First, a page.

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Wednesday, 9 May 2018
Page: 3473


Ms MACKLIN (Jagajaga) (15:36): That was the most extraordinary performance, but absolutely nothing will beat the way in which we saw the Treasurer in question time today completely refuse to tell us the total 10-year cost of the company tax cut. Now, why would that be? Why would every single Australian want to know the total cost of the company tax cut? Of course, they don't want to be photographed in here giving a massive number that might be $80 billion, might be $90 billion, might be $100 billion—we don't know how much it is.

Well, I can tell you: the pensioners of Australia want to know. They want to know the number because not only do they know that this budget contains an $80 billion tax cut for the biggest companies in this country; they know that this budget contains the abolition of the energy supplement, which each and every one of these people, National Party members and Liberal Party members, have voted for. They've actually already voted for it twice. You've all voted for it twice—to say that a pensioner couple would be $550 a year worse off. That's what's inside this budget, and that, of course, is helping fund this massive cut to company tax—a cut to pensioners so that a pensioner couple will lose $550 a year. That's what these people are doing. That's what's inside this budget. And that's why this budget can only be described as a cruel hoax to older Australians.

Of course, the shadow Treasurer also highlighted the one big zombie from 2014-15 that still lives—it's still alive; it's still in this year's budget—and that is that the age pension age is going to go up to 70. This lot over here are ashamed of it—a bit like they're ashamed of telling us the total value of their company tax cuts. They're so ashamed of it that, since the last election, they haven't brought this legislation back into the parliament. They actually know they won't get it through the parliament. They might get it through here because all these lemmings will vote for it, but it won't get through the parliament because Australians know it is unfair.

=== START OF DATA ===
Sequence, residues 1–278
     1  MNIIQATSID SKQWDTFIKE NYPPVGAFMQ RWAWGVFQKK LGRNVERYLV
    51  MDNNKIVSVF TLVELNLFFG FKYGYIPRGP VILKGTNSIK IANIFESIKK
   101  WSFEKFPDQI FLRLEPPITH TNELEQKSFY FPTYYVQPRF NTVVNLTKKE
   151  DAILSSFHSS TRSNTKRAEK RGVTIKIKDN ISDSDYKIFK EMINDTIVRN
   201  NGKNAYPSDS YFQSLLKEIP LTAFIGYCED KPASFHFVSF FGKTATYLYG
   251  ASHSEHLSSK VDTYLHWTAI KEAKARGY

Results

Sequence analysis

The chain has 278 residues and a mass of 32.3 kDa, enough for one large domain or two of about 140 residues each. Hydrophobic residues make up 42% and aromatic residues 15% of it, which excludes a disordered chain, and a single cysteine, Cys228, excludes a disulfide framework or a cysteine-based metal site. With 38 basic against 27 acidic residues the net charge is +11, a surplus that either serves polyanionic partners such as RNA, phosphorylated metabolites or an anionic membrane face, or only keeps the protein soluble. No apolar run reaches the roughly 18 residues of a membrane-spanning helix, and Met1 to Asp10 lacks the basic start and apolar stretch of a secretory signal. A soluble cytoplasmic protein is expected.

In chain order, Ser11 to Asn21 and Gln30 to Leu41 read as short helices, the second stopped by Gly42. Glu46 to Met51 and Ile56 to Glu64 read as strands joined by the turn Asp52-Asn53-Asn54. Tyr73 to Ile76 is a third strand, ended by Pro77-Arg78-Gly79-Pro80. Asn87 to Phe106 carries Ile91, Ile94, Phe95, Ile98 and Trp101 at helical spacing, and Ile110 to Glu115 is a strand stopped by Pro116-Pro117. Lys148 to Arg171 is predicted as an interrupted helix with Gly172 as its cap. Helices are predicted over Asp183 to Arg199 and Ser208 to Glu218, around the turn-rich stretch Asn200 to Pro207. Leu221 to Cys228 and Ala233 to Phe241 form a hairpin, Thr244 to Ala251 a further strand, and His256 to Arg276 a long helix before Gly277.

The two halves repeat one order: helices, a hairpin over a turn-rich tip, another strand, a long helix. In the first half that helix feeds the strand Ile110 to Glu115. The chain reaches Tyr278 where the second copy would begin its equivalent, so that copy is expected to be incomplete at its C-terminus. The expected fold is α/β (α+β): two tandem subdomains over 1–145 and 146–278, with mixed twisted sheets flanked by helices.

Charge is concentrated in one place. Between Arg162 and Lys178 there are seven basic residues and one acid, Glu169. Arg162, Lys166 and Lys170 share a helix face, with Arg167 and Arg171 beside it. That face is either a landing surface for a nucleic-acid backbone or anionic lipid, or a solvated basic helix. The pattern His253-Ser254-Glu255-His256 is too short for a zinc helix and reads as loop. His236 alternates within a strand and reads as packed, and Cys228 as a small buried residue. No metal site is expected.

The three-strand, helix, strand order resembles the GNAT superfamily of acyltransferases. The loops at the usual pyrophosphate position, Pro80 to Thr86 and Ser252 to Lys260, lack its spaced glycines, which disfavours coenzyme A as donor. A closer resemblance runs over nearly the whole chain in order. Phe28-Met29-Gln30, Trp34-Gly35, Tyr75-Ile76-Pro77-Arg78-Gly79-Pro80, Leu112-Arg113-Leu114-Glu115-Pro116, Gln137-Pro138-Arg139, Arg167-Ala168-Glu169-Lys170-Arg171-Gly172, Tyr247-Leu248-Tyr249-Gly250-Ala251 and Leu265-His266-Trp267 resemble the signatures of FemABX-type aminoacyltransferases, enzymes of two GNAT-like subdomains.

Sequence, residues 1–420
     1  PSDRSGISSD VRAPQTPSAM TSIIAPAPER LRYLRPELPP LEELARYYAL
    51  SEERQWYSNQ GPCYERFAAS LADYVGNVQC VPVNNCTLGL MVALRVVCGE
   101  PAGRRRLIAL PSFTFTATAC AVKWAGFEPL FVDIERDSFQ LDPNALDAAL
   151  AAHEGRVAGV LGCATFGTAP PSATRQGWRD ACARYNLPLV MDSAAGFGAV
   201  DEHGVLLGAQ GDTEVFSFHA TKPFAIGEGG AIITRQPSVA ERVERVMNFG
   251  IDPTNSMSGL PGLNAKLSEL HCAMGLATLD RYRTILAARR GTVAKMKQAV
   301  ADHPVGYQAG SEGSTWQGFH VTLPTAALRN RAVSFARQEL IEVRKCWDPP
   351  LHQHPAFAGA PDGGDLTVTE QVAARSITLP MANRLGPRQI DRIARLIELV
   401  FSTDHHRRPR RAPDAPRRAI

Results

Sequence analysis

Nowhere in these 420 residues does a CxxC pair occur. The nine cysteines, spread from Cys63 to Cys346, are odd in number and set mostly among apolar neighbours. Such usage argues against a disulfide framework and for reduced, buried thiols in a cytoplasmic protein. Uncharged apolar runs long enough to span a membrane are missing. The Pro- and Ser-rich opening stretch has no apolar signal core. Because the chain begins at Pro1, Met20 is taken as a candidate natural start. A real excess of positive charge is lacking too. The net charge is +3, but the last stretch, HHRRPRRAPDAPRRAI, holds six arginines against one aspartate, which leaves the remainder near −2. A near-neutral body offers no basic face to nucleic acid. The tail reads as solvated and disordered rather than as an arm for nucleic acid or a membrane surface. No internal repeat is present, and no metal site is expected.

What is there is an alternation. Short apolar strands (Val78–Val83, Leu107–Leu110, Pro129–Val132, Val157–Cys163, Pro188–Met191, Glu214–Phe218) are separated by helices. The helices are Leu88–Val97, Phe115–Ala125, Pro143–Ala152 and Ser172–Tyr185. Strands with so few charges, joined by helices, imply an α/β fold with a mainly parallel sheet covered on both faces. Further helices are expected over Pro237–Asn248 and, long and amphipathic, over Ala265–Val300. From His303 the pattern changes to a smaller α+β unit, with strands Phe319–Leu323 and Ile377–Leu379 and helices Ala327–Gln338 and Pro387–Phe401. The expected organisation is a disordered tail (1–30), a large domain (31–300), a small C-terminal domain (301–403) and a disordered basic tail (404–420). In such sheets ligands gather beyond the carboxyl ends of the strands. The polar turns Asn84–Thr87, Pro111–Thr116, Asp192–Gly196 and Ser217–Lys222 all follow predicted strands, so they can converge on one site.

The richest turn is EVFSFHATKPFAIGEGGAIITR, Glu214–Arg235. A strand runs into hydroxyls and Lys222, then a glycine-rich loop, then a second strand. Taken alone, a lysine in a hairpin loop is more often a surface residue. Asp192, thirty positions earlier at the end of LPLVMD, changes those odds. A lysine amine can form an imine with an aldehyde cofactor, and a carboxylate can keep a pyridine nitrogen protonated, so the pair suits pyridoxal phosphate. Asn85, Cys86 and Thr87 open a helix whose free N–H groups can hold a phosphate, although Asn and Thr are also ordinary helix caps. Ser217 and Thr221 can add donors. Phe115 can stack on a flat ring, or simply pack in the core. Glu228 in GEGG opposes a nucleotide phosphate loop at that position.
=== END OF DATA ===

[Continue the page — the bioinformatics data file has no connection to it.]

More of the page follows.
This lot don't have the courage to bring it in here, but they keep it in the budget, so the level of the surplus they hope to get to is actually a fairytale. You count a huge change—the increase to the age pension age—that actually isn't going to get through the parliament, that you haven't even had the courage to bring in here. How on earth is it fair? And I'd say particularly to those of you who represent farmers: I know there are members of the National Party who don't agree with this policy, and they should have the courage to actually stand up and say so. They know that there are farmers who cannot possibly work until they're 70. There are tradespeople who can't work until they're 70. There are nurses who can't work until they're 70. That is why this is an unfair policy. This lot are only keeping it in the budget because they need it to help pay for an outrageously unfair cut to company tax. That is why they're keeping it in the budget. They've got an $80 billion cut to company tax, and Australians are going to have to work longer to help pay for this huge largesse to the top end of town.

Australians have worked all of you out, particularly older Australians. They do not agree with working until you're 70. They know it's unfair. They do not agree with a cut to the energy supplement, which is just a straight cut to the pension. That is what is in this budget: a cut to the pension. You are cutting the pension by $14 a fortnight. That is what is in this budget.

Mr Bowen: When does it start?

Ms MACKLIN: When does it start? We have no idea. Of course, it's not just the pension they're cutting; they're also cutting Newstart. The people who are on the lowest incomes in Australia— (Time expired)